The December holiday season is steeped in nostalgia, whether we’re singing about sleigh bells ringing and roasting chestnuts over an open fire or reflecting back on past years as we look ahead to a new one. We constantly reminisce about a past that probably did not happen quite as we remember it. This fond, if flawed, recollection of the past is a constant presence in academia, from looking back at the good old days (remember when all Ph.D. graduates could get professorial jobs?) to invoking academic tradition to discourage innovation (the dissertation has always looked like this; why change it?).
This inaccurate recollection of the past of academia and how it can hinder the transition to a new model of doctoral education were two of the main topics under discussion at the most recent meeting of the “‘Living Humanities’ PhD for the 21st Century” project. Entitled “Revitalize Learning Outcomes,” this meeting featured guest speaker Sidonie Smith, Mary Fair Croushore Professor of the Humanities at the University of Michigan and the author of Manifesto for the Humanities: Transforming Doctoral Education in Good Enough Times (available open-access from University of Michigan Press).
There are many exciting developments happening in higher education in this digital age. In her presentation, Smith discussed the use of new media for scholarly communication, shifting knowledge structures that focus as much on collaboration as on individual research, and a distributed university that has graduate students working not only with one or two faculty members at their own institutions, but also faculty and fellow students at institutions around the world.
But alongside these steps towards a more digital, collaborative model for higher education, there is also resistance to change. Smith explained how these changes could be misunderstood by faculty members, who sometimes perceive projects that use this new model as a Ph.D. “lite,” as opposed to a Ph.D. based on the more traditional formats they are accustomed to – a single student writing a proto-monograph with the assistance of a select committee of faculty members. With their students’ best interests in mind, some faculty advisers fear that making changes to the doctoral degree or dissertation can harm candidates’ prospects on the academic job market, rendering them less able to compete with their peers. Addressing these concerns, Smith is very direct – if we stick to the twentieth-century model of graduate education, we are actually disadvantaging our students, as these normative standards do not assure academic excellence.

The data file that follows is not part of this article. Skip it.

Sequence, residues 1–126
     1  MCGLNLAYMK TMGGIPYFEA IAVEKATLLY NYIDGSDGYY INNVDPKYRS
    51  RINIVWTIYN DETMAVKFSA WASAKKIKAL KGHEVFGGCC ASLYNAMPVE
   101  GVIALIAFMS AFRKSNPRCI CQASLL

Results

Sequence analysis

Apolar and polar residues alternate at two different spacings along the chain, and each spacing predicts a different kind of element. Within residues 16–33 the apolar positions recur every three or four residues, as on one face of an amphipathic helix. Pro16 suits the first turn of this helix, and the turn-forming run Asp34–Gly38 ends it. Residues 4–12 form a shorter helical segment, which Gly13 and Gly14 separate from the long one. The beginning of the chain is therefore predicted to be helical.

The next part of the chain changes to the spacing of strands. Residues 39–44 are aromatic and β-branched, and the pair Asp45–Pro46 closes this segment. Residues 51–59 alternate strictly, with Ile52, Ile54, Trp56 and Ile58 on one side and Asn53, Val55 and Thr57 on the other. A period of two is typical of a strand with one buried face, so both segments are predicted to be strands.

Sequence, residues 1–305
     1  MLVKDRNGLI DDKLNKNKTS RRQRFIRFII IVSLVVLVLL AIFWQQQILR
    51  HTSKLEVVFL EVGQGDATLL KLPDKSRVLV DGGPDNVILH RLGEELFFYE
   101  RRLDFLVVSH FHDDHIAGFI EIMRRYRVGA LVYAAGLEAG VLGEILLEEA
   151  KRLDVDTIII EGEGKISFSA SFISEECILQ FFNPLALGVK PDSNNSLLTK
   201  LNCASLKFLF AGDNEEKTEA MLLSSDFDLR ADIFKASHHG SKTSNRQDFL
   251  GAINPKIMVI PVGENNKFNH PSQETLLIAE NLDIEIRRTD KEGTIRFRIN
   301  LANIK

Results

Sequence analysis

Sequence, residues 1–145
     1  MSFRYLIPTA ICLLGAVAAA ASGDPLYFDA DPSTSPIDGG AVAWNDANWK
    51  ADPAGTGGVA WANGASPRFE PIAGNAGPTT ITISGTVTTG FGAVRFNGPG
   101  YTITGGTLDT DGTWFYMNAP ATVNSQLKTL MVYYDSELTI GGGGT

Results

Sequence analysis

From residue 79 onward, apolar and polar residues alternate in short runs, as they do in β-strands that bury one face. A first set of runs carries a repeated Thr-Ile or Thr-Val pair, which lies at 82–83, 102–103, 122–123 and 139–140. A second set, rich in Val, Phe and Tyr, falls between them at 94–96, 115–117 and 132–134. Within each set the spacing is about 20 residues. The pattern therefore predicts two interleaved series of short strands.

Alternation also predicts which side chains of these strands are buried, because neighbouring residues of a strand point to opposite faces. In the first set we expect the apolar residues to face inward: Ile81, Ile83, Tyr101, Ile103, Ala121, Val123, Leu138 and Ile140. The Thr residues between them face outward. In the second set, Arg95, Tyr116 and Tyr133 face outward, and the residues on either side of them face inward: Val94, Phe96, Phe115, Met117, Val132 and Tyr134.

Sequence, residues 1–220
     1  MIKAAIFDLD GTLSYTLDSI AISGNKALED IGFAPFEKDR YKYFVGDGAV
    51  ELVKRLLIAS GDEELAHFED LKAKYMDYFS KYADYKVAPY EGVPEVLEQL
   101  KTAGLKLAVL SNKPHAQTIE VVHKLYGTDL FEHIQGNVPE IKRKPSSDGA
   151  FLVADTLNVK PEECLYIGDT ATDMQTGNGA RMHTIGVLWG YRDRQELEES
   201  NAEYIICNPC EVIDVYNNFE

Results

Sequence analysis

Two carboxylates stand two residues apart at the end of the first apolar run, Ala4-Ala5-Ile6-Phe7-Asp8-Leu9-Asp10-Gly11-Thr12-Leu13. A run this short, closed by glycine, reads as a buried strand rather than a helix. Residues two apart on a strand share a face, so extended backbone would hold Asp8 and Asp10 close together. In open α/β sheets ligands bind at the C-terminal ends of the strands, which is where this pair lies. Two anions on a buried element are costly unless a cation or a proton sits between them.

Not only are these so-called normative standards not a guarantee for excellence, but they have also not always been the norm for doctoral education. As I said, nostalgia can give a flawed perspective of the past that does not match the historical reality. For instance, one professor from English highlighted that the current gold standard for the dissertation in the field, a four-chapter proto-monograph, was not always the only option. Going back to the 1960s and 70s, he noted the accepted alternatives of the critical edition of a neglected text or the three-chapter dissertation. If dissertation structures have changed before, can they not do so again? In the same vein, another professor noted that our concept of the academic tradition is not as fixed as we would like to believe, but instead is made up of many subtle, continuous changes over time.
With so many avenues available for doctoral students and faculty in the humanities to create innovative projects and take research beyond the boundaries of the university, we need to take a hard look at the traditions that we cling to. So as we immerse ourselves in the holiday season and prepare to face 2017, let’s try to set aside our nostalgia about the academia of yesteryear.
To read more about the “Revitalize Learning Outcomes” planning theme, see its description on the website for “The ‘Living Humanities’ Ph.D. for the 21st Century.” If you want to learn more about the meeting itself, read the full discussion in the official minutes. For the reading material for this meeting, see Sidonie Smith’s Manifesto for the Humanities: Transforming Doctoral Education in Good Enough Times. If you want to learn more about the meeting itself, read the full discussion in the official minutes.